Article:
Knowledge And Culture Are Perishable

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I was reading an article today about the destruction of Yemen’s literary and artistic heritage.  It is a sad story.  The bombing of the country by Saudi Arabia, as well as years of neglect by its custodians, now mean that Yemen’s rich literary heritage—much of it contained in medieval manuscripts—is facing possible destruction.  I remember hearing the same thing about the medieval manuscripts of Timbuktu in North Africa.

It was an opportunity to reflect on the transitory nature of all things, and of knowledge in particular.

Civilization and culture are perishable.  We forget this too easily, assuming we ever knew it in the first place.  So much of what we see around us—even the words you are reading on your glowing screen right now—is perishable.  We do not know what will survive the centuries.

Are we only barbarians pretending to be civilized?  Perhaps we are in the midst of a new Dark Age now, but are not really aware of it.

We are surrounded by information—a colossal amount of it—and yet perhaps our information is even more fragile and transitory than books and manuscripts of that existed 1500 years ago.  Books in classical antiquity were written on papyrus, which is fragile and temporary.  In the medieval period, the codex book came into use, with its pages of vellum or parchment.

Paper can last about a thousand years.  But vellum, or parchment, can endure for 30,000 years.  Clay tablets, used in the ancient Near East, are almost indestructible.  And electronic “information” lasts hardly a few moments.

Who is living in the Dark Age?  Who is more connected with his heritage?  Us or them?  It is not an easy question to answer.

About one million words of classical Latin (i.e. pre-Christian) survive.  Almost all of this is worth reading in its own right.  We have lost much, but what we do have is among the best that that civilization could offer.  The names of about 772 classical Latin authors are known to us; but of these, nothing has been preserved of 276 of them.  For 352 of the total 772, we have short fragments ranging from a few sentences to a few pages.  For the remaining 144, we have at least a few of their works.  Some of these are in mutilated or incomplete form.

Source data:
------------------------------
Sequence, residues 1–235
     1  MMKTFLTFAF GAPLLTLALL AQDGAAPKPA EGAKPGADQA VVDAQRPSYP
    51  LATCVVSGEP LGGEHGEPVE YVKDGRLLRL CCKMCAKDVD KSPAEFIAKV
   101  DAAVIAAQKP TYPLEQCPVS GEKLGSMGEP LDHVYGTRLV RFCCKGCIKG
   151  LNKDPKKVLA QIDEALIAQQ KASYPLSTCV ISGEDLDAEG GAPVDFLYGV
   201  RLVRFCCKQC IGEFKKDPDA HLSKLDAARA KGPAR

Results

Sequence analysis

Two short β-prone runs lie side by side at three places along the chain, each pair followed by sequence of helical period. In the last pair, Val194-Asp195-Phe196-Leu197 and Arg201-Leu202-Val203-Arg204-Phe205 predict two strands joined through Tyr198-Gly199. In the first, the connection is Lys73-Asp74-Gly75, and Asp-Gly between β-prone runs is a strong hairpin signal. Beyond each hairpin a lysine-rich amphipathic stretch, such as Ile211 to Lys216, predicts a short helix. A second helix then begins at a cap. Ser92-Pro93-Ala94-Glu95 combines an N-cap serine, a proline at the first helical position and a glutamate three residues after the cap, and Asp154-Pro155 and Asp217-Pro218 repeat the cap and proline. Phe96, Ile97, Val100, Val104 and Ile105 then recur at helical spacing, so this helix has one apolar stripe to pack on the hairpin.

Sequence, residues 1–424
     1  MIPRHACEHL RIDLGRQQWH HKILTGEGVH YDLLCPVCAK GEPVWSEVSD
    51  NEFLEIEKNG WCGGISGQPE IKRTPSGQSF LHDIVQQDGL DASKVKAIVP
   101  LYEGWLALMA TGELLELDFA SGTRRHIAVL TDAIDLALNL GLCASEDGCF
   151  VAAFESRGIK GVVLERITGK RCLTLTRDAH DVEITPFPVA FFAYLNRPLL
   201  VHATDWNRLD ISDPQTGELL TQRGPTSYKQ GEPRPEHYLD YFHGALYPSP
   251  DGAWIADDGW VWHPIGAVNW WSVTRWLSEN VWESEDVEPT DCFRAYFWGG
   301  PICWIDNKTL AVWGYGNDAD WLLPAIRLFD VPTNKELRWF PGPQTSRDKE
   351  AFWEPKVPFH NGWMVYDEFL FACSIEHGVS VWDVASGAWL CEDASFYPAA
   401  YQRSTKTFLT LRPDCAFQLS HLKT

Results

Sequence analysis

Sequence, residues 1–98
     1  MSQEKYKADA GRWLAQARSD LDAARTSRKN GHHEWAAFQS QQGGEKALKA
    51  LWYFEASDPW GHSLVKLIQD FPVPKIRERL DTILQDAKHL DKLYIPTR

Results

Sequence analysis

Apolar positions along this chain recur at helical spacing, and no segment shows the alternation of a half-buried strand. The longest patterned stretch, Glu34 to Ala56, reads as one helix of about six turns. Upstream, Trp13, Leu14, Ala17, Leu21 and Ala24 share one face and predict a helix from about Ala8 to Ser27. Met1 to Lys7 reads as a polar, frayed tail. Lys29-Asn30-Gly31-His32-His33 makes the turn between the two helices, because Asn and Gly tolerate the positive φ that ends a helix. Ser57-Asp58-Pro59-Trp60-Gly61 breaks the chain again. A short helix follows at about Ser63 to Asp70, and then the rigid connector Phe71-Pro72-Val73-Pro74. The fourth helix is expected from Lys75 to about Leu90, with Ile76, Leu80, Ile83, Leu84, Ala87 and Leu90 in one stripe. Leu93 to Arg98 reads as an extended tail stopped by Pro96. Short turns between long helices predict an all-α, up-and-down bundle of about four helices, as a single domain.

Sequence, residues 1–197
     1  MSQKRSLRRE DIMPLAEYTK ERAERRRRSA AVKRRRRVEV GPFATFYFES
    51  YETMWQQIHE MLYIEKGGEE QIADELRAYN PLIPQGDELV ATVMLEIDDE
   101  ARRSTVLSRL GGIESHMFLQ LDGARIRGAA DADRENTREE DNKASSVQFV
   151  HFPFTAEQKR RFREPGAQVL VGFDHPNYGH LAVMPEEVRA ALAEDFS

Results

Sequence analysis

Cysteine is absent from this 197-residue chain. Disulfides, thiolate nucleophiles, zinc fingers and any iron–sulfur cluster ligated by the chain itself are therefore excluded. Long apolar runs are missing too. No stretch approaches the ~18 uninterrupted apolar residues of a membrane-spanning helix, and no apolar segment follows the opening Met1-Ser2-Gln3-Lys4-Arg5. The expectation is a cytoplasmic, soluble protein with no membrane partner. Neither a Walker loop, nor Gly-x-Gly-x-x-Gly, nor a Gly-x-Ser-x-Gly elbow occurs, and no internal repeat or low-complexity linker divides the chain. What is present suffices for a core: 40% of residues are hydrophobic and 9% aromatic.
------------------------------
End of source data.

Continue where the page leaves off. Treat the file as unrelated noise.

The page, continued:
Similar figures exist for the corpus of classical Greek literature.  And the same could be said of the vast output of Arabic literature from the early centuries of Islam.  We have much that has survived, but much also that has been lost.  Some of the philosophical treatises of Averroes we know only in their Latin versions.  The original Arabic texts were deliberately destroyed as supposedly being heretical.

So the statistics are sobering.

Even the Great Library at Alexandria in Egypt probably contained, at its height, no more than several hundred thousand scrolls.  And nothing of this once great library remains; of the great library at Pergamum, we have not a stone upon a stone.  Rich men had extensive collections.  And these are all gone now.

Civilization is perishable.

In ancient times, manuscripts could only be reproduced by copying.  This had to be done by hand.  Labor was relatively cheap in the ancient world; nearly anyone could publish a book simply by hiring a scribe to make copies.  But quantity matters, too.  If the book decayed and no one copied it, then it was lost forever.

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How were books lost?  It could happen in one of two ways:  neglect or destruction.  Neglect happened when books fell apart before anyone could copy them.  And destruction could happen through war or conquest.  Cities in the ancient world were sacked and burned all the time.  It happened all the time.

Not only this.  When the Roman Empire in the West collapsed, general literacy declined.  The upper classes, which had enjoyed a high degree of education and literacy, vanished.  There were fewer and fewer people who could understand and appreciate the great works of the past.  Educated Romans once had a general knowledge of Greek; this too began to vanish.

Things die when there is no one left to care for them.  When culture loses its “maintenance men” or its “janitors,” then it begins to be lost.